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Cranio. 1991 Jan;9(1):15-22.

The petrotympanic fissure: a link connecting the tympanic cavity and the temporomandibular joint.

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Institute for Postgraduate Dental Education in Jönköping, Sweden.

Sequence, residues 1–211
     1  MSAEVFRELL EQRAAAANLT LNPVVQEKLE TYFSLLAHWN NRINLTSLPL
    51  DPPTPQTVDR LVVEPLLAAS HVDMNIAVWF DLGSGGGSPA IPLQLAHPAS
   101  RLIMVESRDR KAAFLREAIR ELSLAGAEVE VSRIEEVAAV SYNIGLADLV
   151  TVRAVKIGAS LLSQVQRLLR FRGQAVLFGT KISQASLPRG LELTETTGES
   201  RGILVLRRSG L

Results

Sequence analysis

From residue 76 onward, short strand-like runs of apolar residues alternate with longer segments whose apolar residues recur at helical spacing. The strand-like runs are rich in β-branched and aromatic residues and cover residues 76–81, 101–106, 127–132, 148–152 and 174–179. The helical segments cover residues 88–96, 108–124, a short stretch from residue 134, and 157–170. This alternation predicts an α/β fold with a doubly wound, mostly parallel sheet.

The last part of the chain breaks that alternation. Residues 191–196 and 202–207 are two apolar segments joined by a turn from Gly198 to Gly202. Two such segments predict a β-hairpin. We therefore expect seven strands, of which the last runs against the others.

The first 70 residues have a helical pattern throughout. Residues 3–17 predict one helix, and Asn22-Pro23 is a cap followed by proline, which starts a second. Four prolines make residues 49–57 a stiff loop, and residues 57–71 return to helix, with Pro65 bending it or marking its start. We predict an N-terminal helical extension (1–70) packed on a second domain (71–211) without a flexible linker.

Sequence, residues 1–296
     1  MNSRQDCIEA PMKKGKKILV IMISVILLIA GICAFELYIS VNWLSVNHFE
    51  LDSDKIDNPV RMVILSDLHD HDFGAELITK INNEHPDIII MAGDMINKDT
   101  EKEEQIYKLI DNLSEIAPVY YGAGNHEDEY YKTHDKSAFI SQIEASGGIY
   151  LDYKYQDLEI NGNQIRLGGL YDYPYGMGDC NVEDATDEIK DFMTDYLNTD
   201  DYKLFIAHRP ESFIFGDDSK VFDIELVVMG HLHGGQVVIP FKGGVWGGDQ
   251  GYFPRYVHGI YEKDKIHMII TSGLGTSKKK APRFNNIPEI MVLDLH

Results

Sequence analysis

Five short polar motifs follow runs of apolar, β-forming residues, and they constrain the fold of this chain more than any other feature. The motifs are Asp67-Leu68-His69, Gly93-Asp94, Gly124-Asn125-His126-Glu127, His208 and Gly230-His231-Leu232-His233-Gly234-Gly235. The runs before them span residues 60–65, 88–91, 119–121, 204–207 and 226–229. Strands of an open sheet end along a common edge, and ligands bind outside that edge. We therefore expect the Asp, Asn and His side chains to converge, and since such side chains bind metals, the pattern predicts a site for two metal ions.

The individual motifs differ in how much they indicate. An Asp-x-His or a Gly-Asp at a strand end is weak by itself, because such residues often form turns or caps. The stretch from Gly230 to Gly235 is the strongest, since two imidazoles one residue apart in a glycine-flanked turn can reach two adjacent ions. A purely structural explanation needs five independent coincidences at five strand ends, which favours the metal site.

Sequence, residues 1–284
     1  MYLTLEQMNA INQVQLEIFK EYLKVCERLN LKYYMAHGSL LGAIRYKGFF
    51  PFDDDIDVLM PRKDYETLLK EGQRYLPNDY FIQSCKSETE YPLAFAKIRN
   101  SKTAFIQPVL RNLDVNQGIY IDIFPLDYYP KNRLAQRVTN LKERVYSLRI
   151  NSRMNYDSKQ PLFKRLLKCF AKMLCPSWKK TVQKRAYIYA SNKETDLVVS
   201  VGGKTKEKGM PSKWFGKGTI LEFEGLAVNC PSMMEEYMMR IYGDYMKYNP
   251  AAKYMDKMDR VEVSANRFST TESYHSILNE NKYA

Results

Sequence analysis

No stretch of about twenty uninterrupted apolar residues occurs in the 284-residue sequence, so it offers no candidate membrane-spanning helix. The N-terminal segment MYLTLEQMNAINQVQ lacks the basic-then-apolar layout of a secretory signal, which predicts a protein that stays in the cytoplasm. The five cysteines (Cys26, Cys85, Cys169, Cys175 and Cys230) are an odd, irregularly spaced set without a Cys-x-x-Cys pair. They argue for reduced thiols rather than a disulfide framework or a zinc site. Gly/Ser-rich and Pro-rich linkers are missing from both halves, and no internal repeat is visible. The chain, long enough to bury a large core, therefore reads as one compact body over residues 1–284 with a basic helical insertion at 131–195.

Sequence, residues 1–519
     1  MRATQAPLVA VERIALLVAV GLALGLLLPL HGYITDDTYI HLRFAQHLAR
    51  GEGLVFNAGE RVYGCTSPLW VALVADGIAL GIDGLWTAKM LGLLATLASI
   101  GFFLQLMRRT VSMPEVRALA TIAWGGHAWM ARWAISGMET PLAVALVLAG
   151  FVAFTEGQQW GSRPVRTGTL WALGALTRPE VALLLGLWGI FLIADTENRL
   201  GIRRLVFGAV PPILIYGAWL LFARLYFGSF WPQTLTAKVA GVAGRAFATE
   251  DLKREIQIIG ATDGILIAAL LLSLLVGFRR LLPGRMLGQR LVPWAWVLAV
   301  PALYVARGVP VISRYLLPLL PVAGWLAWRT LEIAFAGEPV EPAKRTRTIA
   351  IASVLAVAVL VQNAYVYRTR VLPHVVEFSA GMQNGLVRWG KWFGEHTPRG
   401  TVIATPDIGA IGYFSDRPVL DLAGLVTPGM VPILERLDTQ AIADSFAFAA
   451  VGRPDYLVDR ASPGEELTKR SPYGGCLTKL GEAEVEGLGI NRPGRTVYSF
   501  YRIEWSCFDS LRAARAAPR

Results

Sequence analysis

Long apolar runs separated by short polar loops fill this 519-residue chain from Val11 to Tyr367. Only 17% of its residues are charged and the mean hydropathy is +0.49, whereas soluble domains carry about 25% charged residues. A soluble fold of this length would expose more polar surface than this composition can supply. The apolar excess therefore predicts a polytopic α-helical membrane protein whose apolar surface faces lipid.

Morphological traits of the petrotympanic fissure, a soft tissue containing connection between the middle ear and the temporomandibular joint, are described. The description is based on sagittal histological sections of 67 petrous bones with the proximal part of the mandible. The morphological pattern of the soft tissues within the petrotympanic fissure does not, other than in association with exceptional anatomic conditions, support the opinion that forces may be transferred from the joint to the middle ear. The petrotympanic fissure is mainly to be looked upon as a reminder of earlier evolutionary stages. It may also call attention to a developmentally caused special neurological pattern where the innervation of chewing muscles and some middle ear and pharyngeal muscles are closely related to each other. Taking the developmental facts into account in the clinical situation, it may not be so confusing that a primary pathological stimulus in the chewing apparatus and its muscles may, secondarily, manifest itself as ear symptoms. This symptomatology is known as the "otomandibular syndrome."

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